While not without its disadvantages, narcotic replacement therapy has been shown to improve the success rate of those in recovery.

Over the last several decades, the use of narcotics, or opioids, has increased dramatically ― as has the prevalence of opioid use disorder and opioid-related deaths. In fact, according to the Centers for Disease Control and Prevention (CDC), 75% of all fatal drug overdoses in 2021 involved opioids.

When someone is dependent on opioids or has opioid use disorder, treatment can be a long, difficult process. However, doctors have used narcotic replacement therapy for decades as an effective treatment for opioid dependence and opioid use disorder.

Below, we’ll take a look at what narcotic replacement therapy is, how successful it is at treating opioid dependence, and how to find opioid use disorder treatment near you.

Narcotic replacement therapy is a treatment for opioid dependency that uses synthetic opioids to reduce cravings and prevent relapse. Narcotic replacement therapy is also known as opioid replacement therapy, opioid substitution therapy, or opioid agonist therapy.

Although there are technically four different FDA-approved medications for treating opioid use disorder, the three most common include:

  • Buprenorphine, a partial opioid agonist that relieves cravings and withdrawal symptoms without causing euphoria.
  • Methadone, an opioid agonist that acts more slowly but strongly to reduce cravings and opioid withdrawal symptoms.
  • Naltrexone, an opioid antagonist that prevents the activation of opioid receptors and, in turn, the “high” that opioids cause.

Each of these medications works differently in the body, but the goal of opioid replacement therapy is to reduce addiction and dependence. There are two steps to this process.

First, the detoxification phase of treatment involves using these medications to reduce withdrawal symptoms. It can take anywhere from a few weeks to upward of six months with gradual dosage changes for someone to detox during this phase.

After a successful detox, the maintenance phase involves taking maintenance dosages of these medications. Over time, this can help reduce or even eliminate opioid use disorder and, ultimately, improve someone’s overall functioning and quality of life.

Narcotic replacement therapy is one of the most widely used and effective forms of treatment for opioid use disorder.

One large study from 2020 compared the effectiveness of six different treatment options for people with opioid use disorder ― including treatment with buprenorphine or methadone.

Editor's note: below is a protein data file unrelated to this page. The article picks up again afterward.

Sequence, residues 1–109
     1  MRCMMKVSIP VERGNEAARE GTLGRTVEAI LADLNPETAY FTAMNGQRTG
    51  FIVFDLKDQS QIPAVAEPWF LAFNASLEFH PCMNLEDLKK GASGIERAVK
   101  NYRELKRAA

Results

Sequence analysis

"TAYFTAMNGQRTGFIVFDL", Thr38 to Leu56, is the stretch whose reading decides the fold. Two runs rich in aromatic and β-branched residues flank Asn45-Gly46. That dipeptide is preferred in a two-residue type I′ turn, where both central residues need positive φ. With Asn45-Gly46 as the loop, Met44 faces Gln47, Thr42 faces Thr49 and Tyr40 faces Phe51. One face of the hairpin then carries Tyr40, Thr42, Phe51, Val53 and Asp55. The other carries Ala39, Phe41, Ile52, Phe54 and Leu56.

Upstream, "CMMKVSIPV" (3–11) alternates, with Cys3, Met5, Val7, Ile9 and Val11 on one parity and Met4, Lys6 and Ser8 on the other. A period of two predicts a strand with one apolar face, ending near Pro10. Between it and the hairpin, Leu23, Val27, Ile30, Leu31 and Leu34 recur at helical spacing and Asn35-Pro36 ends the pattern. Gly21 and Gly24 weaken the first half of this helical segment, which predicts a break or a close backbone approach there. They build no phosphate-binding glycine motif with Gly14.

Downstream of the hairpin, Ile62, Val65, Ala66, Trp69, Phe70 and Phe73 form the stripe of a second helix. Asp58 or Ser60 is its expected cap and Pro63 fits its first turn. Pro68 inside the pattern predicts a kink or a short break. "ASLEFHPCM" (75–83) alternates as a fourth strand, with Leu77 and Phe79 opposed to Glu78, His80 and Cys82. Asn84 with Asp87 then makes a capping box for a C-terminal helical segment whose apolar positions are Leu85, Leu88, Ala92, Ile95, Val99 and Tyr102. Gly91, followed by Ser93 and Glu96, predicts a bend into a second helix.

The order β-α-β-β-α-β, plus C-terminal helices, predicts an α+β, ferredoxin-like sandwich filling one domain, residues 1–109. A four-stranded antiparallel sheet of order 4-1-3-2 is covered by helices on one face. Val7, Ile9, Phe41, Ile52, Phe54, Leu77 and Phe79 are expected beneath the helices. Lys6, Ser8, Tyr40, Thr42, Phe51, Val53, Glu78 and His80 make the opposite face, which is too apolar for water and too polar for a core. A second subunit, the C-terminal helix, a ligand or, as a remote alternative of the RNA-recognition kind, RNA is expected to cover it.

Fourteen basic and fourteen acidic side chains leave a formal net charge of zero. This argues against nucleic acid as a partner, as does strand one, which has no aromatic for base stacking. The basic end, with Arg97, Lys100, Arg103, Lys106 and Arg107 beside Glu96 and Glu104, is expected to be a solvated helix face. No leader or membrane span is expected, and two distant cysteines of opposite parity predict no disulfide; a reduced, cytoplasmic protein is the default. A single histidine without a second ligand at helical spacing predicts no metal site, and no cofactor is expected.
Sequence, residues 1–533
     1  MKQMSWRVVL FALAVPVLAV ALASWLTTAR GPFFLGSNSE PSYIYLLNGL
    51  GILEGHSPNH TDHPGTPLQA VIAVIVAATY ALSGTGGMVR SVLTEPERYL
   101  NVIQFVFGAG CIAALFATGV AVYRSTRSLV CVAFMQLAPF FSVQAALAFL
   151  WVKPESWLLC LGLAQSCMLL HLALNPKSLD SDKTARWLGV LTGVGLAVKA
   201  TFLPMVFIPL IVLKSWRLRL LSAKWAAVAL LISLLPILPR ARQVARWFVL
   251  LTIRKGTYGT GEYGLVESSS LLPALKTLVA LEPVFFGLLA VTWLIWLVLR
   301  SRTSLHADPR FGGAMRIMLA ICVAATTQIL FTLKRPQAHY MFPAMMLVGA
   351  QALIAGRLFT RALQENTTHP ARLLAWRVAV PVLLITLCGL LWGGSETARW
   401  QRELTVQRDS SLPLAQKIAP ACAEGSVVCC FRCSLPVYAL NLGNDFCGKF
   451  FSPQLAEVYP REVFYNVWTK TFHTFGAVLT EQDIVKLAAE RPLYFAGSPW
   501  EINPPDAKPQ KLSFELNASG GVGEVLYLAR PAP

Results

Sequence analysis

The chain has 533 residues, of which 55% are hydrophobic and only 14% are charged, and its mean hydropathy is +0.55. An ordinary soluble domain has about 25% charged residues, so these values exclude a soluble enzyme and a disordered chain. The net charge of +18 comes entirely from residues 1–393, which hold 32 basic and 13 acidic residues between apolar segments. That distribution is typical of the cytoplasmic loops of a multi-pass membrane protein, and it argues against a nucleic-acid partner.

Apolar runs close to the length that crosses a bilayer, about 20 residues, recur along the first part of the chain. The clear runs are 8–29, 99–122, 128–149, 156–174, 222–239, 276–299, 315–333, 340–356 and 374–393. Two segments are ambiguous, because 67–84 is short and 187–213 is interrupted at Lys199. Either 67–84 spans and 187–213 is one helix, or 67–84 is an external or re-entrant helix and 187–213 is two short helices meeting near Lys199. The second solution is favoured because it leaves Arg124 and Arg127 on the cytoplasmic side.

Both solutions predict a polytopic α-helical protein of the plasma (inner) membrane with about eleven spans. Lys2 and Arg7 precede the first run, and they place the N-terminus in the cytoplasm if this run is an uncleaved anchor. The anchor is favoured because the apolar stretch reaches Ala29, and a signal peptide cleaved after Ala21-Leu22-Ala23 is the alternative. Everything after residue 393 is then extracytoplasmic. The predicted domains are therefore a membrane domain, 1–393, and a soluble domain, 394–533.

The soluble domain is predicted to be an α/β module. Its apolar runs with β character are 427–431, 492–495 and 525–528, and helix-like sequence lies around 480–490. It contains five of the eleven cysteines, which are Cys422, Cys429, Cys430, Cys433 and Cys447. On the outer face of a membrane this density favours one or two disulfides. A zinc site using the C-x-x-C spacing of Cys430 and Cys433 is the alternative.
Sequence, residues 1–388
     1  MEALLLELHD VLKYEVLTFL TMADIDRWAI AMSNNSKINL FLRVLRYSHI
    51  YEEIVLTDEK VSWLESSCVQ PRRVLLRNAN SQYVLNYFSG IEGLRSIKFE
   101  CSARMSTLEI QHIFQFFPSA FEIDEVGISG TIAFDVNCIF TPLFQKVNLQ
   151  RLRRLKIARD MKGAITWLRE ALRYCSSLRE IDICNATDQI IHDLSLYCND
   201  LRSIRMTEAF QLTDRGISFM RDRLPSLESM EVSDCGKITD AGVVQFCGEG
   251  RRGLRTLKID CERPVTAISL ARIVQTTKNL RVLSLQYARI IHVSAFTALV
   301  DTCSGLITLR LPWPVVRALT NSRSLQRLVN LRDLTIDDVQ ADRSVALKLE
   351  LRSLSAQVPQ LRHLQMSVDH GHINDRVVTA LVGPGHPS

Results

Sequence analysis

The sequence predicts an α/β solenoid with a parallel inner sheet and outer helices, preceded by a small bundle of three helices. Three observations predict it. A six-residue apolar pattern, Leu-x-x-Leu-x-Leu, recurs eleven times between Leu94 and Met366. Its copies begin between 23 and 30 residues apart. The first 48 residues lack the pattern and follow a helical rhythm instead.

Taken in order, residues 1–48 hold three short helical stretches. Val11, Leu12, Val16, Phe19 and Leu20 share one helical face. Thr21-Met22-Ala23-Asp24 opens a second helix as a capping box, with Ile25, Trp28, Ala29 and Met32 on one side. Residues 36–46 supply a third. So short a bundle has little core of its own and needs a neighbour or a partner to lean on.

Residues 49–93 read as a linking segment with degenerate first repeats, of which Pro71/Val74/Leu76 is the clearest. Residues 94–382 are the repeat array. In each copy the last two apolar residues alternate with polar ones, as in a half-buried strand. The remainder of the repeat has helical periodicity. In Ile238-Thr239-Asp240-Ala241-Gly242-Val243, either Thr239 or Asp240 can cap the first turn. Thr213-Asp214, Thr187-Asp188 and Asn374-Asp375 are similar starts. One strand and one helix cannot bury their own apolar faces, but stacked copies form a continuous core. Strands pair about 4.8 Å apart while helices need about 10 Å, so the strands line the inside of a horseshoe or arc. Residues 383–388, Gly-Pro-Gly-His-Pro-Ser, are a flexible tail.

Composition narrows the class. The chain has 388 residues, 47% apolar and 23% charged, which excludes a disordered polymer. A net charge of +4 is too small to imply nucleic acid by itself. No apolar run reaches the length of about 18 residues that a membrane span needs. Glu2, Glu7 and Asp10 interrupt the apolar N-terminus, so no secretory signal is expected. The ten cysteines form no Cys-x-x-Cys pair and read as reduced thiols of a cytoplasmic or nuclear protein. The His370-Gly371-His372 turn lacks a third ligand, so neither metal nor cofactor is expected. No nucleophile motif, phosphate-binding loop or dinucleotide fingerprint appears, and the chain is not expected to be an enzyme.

Results of the study, which included over 40,800 participants, found that only treatment with buprenorphine or methadone led to a decreased risk of overdose after 3- and 12-month follow-up periods. Treatment with buprenorphine or methadone was also associated with less acute care needs during the follow-up periods.

Because of the nature of opioid use disorder and the medications used for narcotic replacement therapy, there are some benefits and risks to this treatment.


Opioid replacement therapy can be extremely beneficial for people who undergo and complete treatment. According to a Research Report from the National Institute on Drug Abuse, some of the benefits of using opioid replacement medications for treatment are that they:

  • reduce overall opioid use
  • decrease the symptoms of opioid use disorder
  • lower the risk of people with the disorder transmitting other infectious diseases
  • reduce illegal behavior associated with opioid use

People who undergo narcotic replacement therapy are also more likely to remain in treatment than other treatment approaches. Because of this, this treatment can help reduce the chance of overdose death and additional disease transmission and infection, among other benefits.


While narcotic replacement therapy can be an effective treatment approach for opioid use disorder and dependence, there are some risks. One early review published in 2012 found that the most common safety concerns associated with treatment were:

  • potential for overdose
  • potential for misuse
  • chance of side effects, like liver and heart problems

Another possible disadvantage of narcotic replacement therapy is that it can sometimes be difficult for people to access these treatment programs. And for people who do have access to treatment, they don’t always stick with it.

For example, one study from 2019 found that only around 56% of those undergoing opioid agonist therapy completed treatment. Among those who didn’t complete treatment, 23.3% of participants voluntarily dropped out of treatment early.

If you or someone you love is considering taking the first step toward treatment for opioid use, some resources can help. Here are a few resources to help you access treatment programs near you:

If you’ve already started discussing treatment with your doctor or therapist, they can also help recommend treatment options in your area.

Opioid use disorder affects millions of people in the United States, but many people with this disorder find it difficult to get the right treatment. Narcotic, or opioid, replacement therapy can be an effective way to reduce opioid dependence and treat the symptoms of withdrawal.

If you’ve noticed that opioid use is negatively affecting your life, consider reaching out to a doctor or other mental health professional for help. With the right treatment, you can recover and take your life back from this disorder.